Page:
Tag Archives: Nathan Rein

Basic Buddhists, Bad Buddhists

                          by Adam T. Miller A few days back, the Bulletin’s own Nathan Rein asked the hive-mind that is Facebook to fill him in on what it means to … Continue reading

Posted in Buddhist Studies, Religion and Popular Culture, Religion and Society, Religion and Theory, South Asian Studies, Theory and Method | Tagged , , , , , , , , , , , , , , , , | 3 Comments

Who Gets to Play in the Sandbox? Debating Identities, Methodologies, and Theoretical Frameworks

The following is the editorial introduction to the December 2015 issue of the Bulletin for the Study of Religion (the full table of contents having already been posted). We offer this editorial here on the blog in order to give … Continue reading

Posted in Announcements, Craig Martin, Editorial, Interviews, Ipsita Chatterjea, Joseph Laycock, Kate Daley-Bailey, Nathan Rein, Pedagogy, Philip L. Tite, Religion and Society, Religion and Theory, Religion in the News, Theory and Method, Theory in the Real World | Tagged , , , , , , , , , , , , , , , , , , , , , , , , , , , , | Leave a comment

Now Published – Bulletin for the Study of Religion 44.4 (December 2015)

The December issue of the Bulletin has now been published and is available. Below is the table of contents of this issue, which includes an Open Letter to the AAR on the challenges facing adjunct/contingent faculty with regard to the … Continue reading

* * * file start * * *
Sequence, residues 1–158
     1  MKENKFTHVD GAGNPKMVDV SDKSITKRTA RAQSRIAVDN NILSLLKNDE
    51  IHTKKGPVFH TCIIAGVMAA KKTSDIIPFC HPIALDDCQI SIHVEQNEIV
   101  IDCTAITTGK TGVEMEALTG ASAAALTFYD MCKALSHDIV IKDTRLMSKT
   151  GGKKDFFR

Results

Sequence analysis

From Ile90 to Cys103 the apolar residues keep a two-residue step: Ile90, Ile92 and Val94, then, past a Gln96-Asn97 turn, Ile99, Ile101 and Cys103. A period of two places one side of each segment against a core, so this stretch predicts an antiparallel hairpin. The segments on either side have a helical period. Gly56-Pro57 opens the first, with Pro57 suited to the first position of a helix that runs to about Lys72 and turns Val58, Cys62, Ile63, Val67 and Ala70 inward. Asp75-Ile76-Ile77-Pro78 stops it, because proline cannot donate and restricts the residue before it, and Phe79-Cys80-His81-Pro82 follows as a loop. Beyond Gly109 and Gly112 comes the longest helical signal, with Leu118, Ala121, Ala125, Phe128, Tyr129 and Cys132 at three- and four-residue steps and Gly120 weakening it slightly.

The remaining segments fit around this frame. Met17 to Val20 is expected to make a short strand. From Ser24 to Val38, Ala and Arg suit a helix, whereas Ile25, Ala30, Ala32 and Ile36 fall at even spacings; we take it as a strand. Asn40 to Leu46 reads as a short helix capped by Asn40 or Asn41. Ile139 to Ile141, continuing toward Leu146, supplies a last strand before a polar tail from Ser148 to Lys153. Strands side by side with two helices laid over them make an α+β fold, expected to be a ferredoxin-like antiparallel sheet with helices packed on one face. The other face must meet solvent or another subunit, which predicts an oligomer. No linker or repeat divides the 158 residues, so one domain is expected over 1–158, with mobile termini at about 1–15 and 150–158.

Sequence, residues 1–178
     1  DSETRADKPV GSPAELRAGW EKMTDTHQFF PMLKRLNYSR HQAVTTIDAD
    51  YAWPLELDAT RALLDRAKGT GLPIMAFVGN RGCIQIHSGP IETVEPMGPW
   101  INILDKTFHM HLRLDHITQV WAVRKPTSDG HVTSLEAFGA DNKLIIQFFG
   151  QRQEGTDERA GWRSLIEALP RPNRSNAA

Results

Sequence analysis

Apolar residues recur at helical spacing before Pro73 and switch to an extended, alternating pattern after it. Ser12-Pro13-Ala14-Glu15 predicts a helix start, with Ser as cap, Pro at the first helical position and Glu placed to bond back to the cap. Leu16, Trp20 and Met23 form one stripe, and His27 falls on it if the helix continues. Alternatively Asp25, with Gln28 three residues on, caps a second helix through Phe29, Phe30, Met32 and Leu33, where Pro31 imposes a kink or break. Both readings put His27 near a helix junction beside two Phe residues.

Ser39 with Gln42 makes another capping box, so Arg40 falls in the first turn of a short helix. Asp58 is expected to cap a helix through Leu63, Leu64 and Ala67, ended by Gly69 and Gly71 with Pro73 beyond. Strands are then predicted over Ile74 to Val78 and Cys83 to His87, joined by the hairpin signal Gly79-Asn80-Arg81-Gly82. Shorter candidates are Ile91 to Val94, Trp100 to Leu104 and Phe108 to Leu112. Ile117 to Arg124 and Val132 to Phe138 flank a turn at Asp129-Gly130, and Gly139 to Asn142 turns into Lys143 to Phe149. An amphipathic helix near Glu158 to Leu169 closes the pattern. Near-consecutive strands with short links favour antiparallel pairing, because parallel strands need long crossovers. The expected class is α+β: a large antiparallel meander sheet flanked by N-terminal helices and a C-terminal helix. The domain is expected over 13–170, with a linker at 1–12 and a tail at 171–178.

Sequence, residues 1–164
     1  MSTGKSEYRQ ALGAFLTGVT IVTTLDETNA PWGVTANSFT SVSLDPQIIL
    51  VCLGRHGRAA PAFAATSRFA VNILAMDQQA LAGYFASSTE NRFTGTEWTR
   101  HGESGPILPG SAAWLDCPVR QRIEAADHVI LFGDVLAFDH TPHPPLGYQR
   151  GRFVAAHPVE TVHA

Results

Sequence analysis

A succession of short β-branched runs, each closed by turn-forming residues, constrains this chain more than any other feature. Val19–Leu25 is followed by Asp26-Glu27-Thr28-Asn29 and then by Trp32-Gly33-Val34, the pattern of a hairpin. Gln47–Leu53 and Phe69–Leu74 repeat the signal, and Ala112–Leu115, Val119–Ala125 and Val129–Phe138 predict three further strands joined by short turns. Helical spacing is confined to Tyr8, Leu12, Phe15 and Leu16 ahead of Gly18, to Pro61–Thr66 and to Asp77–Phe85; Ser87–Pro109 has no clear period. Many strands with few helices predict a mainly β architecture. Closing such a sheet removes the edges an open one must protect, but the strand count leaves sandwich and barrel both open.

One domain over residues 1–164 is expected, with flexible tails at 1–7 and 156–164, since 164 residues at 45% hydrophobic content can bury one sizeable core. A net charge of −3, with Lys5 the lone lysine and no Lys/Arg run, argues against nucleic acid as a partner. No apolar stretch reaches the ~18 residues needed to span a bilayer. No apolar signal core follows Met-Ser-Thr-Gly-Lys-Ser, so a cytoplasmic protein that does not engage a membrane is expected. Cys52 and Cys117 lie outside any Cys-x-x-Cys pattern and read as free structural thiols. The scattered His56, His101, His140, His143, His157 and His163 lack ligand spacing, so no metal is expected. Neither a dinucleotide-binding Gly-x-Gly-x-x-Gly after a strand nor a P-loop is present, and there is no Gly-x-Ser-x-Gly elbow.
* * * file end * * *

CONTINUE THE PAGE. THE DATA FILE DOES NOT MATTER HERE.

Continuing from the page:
Posted in Announcements, Brad Stoddard, Craig Martin, Editorial, Interviews, Ipsita Chatterjea, Joseph Laycock, Kate Daley-Bailey, Nathan Rein, Pedagogy, Philip L. Tite, Politics and Religion, Religion and Society, Religion and Theory, Religion in the News, Theory and Method, Theory in the Real World | Tagged , , , , , , , , , , , , , , , , , , , , , , , , , | 1 Comment

Fifteen Maxims for the Study of Religion

by Nathan Rein * This post originally appeared on Medium. These fifteen “maxims” are a work in progress. I first started drafting them seven years ago. They were intended mainly for students who were at the early stages of a … Continue reading

Posted in Pedagogy | Tagged , , | Leave a comment